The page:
Title: A Guide’s Place
Characters/Pairings: female Blair Sandburg/Jim Ellison, Sentinel cast, OC
Genre: genderbend, Sentinels/Guides, asswhooping
Word Count: 872
Warnings: I will genderbend all your characters, especially if fandom likes to make them a 12-year-old girl. And I will make them a badass woman. And you can’t stop me.
Author’s Note: I really need to stop listening to old recordings of Keira’s podcast while I’m writing at two a.m. because this is what happens. Also, I’m not sorry, and I will probably do it again. Blair is often made into a weeping, emotional figure — a ‘girl with a dick’ — so I took Keira’s advice. If you want to write Blair as a girl, go ahead — and write him as a kick ass girl. So, here is Blair as a kick ass girl.
Synopsis: All Blair had going for her was three feet of wild curls, too much courage and stubbornness to fit in a body twice her size, an Alpha Guide’s empathy, and her brain.
“You going to go something about that?” Simon asked him calmly, pointing to the tableau in the bullpen.
Jim Ellison examined the scene before him: two people faced off, one calm and amused, the other aggressive. It was by no means a fair fight.
“Don’t pick on him too badly, Guide,” he told Blair.
The woman smiled at him, then turned back to her unknowing victim. The uniformed cop stood a full foot taller than his short, stocky guide. He was armed, trained in hand to hand combat, and closer to Jim’s age than Blair’s, and an experienced officer. All Blair had going for her was three feet of wild curls, too much courage and stubbornness to fit in a body twice her size, an Alpha Guide’s empathy, and her brain.
Really, it was almost bullying. Jim should probably be ashamed of himself for looking forward to it.
The whole squad room watched avidly; Blair had only appeared a month ago, newly bonded to Jim, a female academic and a guide thrust into law enforcement and paired with a detective with a bad attitude and a loner’s reputation. An Alpha Guide, a Shaman, and an enigma.
“Let’s discuss your assertion of my ‘place’ shall we, Sergeant Wilcox.”
The officer frowned mightily. The look made drunken assholes cower and harden criminals reconsider their life choices. Blair just beamed. “I’m just saying, Sandburg, that you need to learn how things work around here. You’re a civilian and a guide.”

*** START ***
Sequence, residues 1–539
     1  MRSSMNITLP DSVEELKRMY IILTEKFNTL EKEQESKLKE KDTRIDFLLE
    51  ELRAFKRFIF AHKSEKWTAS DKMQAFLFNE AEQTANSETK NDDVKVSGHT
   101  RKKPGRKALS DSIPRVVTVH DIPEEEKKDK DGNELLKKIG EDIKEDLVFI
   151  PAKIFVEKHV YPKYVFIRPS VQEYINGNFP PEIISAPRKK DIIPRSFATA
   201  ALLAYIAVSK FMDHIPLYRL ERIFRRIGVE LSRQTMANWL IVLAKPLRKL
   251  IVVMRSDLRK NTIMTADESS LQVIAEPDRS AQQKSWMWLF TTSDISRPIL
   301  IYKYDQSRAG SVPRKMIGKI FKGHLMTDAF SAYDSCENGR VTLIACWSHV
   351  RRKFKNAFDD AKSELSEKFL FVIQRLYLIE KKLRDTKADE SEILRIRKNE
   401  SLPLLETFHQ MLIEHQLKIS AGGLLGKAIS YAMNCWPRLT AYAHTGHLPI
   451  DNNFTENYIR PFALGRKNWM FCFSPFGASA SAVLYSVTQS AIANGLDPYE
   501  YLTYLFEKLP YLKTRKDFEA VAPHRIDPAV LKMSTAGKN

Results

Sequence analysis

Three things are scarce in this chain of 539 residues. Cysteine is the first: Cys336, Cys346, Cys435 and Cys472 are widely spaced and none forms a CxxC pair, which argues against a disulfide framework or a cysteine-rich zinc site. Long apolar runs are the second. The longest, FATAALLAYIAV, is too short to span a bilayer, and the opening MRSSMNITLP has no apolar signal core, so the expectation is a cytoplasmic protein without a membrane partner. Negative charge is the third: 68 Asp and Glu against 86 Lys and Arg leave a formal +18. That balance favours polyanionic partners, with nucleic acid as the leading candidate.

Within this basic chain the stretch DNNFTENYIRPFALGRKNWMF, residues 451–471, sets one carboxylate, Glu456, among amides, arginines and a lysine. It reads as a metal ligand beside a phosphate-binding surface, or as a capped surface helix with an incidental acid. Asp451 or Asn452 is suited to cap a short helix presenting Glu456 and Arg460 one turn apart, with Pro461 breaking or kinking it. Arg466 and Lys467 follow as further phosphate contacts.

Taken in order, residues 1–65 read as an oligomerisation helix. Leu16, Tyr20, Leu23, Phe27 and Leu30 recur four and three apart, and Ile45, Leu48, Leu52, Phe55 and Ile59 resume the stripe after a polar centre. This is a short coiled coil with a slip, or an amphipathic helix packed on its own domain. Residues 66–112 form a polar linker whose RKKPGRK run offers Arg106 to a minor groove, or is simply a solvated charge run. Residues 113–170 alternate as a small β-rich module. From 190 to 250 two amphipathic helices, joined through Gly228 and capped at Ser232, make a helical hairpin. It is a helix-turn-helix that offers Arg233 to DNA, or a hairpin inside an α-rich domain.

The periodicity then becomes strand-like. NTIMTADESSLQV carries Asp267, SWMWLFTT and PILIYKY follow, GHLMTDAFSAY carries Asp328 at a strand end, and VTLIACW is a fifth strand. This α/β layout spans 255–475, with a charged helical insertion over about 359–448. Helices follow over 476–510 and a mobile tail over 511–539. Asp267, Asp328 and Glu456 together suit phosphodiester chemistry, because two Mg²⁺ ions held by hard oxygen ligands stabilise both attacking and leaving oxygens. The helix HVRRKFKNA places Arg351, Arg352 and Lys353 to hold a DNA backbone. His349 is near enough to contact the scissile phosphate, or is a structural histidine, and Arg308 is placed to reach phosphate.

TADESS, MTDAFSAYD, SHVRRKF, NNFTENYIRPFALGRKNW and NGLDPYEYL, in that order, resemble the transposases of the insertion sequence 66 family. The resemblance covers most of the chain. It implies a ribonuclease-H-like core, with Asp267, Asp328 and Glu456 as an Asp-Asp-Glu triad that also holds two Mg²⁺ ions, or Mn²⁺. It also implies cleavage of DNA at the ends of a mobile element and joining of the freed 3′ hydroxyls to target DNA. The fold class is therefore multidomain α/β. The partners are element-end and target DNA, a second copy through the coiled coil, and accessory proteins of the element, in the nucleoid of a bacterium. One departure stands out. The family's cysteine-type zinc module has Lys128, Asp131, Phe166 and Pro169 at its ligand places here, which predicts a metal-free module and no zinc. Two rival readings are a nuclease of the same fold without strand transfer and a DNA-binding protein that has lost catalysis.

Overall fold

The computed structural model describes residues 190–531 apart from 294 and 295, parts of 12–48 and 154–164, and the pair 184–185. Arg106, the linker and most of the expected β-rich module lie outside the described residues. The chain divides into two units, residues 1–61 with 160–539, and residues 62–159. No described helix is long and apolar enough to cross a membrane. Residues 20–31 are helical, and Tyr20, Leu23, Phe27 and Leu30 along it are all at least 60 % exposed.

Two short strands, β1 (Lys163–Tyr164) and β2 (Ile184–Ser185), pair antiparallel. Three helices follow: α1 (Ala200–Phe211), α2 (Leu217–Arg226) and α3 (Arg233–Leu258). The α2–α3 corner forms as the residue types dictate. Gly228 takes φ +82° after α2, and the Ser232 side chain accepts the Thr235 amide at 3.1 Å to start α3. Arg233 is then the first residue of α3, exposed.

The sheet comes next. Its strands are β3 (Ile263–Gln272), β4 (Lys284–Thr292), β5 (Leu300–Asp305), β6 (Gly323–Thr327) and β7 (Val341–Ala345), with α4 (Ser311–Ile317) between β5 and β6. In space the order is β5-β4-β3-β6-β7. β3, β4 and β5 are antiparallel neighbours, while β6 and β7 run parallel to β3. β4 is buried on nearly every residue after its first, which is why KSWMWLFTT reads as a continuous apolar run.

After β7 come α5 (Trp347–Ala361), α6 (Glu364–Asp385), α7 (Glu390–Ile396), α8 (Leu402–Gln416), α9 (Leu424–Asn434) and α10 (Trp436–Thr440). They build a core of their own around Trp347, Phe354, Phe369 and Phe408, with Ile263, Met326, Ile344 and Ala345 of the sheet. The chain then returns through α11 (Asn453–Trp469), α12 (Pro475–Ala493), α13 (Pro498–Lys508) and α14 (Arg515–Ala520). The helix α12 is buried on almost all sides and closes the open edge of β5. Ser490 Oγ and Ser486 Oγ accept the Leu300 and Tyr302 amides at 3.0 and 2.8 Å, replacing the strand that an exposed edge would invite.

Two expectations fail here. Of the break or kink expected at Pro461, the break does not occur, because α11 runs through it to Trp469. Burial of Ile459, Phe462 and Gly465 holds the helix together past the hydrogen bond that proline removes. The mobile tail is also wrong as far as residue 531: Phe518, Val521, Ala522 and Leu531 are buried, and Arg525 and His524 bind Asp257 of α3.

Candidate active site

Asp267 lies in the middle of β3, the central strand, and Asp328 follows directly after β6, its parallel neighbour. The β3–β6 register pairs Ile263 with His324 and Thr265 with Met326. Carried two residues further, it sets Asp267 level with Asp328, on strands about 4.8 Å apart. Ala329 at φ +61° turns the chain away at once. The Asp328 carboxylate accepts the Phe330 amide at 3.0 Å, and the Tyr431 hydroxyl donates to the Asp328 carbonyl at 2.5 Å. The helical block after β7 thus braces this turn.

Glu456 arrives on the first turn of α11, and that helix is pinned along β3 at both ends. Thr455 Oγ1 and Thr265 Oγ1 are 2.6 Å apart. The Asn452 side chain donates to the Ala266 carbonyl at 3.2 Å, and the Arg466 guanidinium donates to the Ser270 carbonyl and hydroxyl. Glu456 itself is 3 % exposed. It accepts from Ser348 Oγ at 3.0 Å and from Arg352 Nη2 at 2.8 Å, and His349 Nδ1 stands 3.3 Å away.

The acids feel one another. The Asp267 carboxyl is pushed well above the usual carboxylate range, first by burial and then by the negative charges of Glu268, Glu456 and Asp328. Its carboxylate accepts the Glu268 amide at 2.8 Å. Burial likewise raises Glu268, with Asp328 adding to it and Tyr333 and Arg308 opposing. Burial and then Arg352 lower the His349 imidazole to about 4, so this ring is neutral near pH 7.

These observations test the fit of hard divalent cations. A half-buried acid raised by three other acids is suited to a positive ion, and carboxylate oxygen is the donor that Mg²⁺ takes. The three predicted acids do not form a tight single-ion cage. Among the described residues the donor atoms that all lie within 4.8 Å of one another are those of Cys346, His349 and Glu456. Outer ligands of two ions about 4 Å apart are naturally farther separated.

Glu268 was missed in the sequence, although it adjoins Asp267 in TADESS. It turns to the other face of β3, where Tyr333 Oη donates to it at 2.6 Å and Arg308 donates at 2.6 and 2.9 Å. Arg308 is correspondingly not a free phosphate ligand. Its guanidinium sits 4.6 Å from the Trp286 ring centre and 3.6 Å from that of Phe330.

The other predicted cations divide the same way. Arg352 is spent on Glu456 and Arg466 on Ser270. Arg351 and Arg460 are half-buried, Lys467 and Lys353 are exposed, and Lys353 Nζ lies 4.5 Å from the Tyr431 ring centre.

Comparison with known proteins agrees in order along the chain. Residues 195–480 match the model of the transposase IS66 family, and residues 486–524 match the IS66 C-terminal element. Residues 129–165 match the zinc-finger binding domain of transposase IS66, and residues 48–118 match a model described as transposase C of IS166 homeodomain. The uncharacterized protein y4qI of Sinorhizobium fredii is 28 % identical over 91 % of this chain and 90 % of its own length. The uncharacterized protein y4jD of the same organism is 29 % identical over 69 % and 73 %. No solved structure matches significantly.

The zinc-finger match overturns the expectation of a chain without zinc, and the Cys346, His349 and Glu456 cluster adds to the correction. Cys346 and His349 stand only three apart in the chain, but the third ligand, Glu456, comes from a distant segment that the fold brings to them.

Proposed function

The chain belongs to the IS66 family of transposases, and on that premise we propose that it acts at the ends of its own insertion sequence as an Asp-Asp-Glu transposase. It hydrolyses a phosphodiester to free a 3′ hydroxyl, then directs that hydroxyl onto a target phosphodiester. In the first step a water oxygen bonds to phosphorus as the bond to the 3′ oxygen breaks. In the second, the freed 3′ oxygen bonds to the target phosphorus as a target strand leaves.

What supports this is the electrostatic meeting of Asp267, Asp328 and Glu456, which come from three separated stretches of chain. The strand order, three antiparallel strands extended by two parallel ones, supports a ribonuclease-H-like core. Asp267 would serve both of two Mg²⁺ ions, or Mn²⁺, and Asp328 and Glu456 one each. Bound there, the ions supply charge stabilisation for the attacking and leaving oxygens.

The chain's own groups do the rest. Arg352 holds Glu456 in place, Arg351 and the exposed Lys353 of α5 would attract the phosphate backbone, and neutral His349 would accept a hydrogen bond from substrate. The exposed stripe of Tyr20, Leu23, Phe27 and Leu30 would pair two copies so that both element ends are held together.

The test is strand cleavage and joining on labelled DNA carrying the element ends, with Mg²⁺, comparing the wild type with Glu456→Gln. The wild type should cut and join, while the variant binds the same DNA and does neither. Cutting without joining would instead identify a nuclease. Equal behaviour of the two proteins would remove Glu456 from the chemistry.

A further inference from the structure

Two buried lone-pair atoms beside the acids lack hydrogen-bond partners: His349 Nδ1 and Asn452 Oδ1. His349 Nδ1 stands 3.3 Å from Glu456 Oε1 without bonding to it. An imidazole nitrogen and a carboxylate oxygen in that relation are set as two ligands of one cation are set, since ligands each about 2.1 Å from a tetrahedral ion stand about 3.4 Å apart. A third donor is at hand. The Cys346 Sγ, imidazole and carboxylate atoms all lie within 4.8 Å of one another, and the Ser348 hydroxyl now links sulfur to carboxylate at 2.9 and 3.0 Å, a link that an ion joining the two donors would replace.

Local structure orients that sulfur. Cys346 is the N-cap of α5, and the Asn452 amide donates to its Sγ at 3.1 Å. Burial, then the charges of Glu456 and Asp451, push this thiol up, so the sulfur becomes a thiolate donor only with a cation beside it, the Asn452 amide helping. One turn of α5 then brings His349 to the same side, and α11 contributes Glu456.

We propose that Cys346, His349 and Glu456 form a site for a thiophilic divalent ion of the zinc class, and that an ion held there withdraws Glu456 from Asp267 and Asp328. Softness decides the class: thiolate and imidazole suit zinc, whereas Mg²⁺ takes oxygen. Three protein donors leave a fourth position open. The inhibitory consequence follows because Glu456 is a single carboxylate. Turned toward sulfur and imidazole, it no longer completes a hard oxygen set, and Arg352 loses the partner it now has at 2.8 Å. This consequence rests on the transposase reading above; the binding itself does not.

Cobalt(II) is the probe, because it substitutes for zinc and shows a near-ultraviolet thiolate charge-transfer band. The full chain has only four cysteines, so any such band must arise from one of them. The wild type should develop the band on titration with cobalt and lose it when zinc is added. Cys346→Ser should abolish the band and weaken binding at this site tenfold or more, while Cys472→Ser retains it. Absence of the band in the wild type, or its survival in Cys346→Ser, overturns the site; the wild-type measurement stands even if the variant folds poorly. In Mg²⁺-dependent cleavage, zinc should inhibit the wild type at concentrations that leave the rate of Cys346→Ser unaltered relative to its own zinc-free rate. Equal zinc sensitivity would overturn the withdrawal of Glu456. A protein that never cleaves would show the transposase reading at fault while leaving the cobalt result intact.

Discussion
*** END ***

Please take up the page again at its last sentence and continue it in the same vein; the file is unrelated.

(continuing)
“I am, indeed, both those things, though not limited by them.”
Wilcox glowered. “You’re job is to help Ellison do his job.”
“I think Rainier University might argue with that, but let’s grant your premise. How is visiting the records room and pulling the case files Jim needs not helping him do his job.”
“You’re supposed to help him as a guide helps a sentinel.”
Blair rocked back on her heels. “I see. Are you a sentinel or a guide, Sergeant?”
“Of course not.”
“Then, how do you know what a sentinel requires of a guide?”
The man looked a little baffled. “Everyone knows that guides help a sentinel with their senses.”
“Ah, I think we’ve found the source of our divergence.” Blair’s hands moved in emphasis with her words. “Jim is a detective, who is also a sentinel. Not a sentinel, who happens to be a detective. You aren’t alone in your confusion, actually; it’s a common misconception to lose sight of the person for their gifts. I tend to blame the post-war era — there were a great deal of education campaigns that essentially rebranded Sentinels and Guides for peacetime, and they tended to overemphasize the value of a sentinel’s senses.”
“You saying his senses aren’t that useful?”
“Of course not! But, and this is a big one, they are as useful as the person who wields them. It’s the human element that makes a sentinel’s senses so powerful a tool — otherwise, modern technology would be able to replace them. But that’s another conversation.” Blair bounced a little. “Now, I have a very pragmatic question for you — you appear to be a practical sort of guy, I think — if my only role here is to help Jim with his senses, what should I do when he isn’t in the field?”
Wilcox frowned. “What do you mean?”
“Come on, man, you’re a cop. I’ve only been here a month, and I can tell you that law enforcement actually rivals academia in the amount of paper and bureaucracy it generates. How many hours a week do you think he spends at a desk, writing reports or making phone calls? Exactly,” she nodded. “So — either I can only be around during the busy times — which means that every time Jim goes in the field, he’d have to drive by Rainier — or I spend a lot of time around here. You realize the department pays me, right? So, should I be marking papers and doing research on the department’s time — or being useful to my sentinel in a manner that doesn’t require empathy?”
The officer frowned. “Why do you even have another job, anyway? You’re a bonded guide.”
“Well, since my sole function to Jim should be as a walking, talking control mechanism — maybe I’m attempting to find fulfillment in my own right? Or, maybe, I spent half my life accumulating the training and experience to teach and research at a university? You know, there’s a reason that the Civil Rights Movement included guides, right? And that a lot of the laws and social mores it challenged for guides were very similar to the ones that feminists faced.”
Wilcox stared down at her for a moment, then glanced over at Jim. “Translation,” he said dryly, “she’s a person, not an object; please don’t treat her like one.”
“He’s a work in progress,” Blair told Simon, “but so far, he’s been quite trainable.”
“We talking about the same man, here?”
“To be fair, Captain — all you can do is give him more paperwork as a punishment.”
“I don’t want to know,” Simon growled. To Wilcox he offered a chance to escape further humiliation, “Officer, I think you’re done here.”